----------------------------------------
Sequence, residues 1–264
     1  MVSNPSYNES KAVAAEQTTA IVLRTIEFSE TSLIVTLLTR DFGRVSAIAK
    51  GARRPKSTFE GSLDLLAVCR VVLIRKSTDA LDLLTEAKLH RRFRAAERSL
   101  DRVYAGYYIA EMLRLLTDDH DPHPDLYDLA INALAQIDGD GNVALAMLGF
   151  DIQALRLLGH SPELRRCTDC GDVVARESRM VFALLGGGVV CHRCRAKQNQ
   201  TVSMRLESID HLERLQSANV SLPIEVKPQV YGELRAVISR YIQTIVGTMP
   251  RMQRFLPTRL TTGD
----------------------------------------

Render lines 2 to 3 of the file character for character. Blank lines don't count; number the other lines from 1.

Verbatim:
     1  MVSNPSYNES KAVAAEQTTA IVLRTIEFSE TSLIVTLLTR DFGRVSAIAK
    51  GARRPKSTFE GSLDLLAVCR VVLIRKSTDA LDLLTEAKLH RRFRAAERSL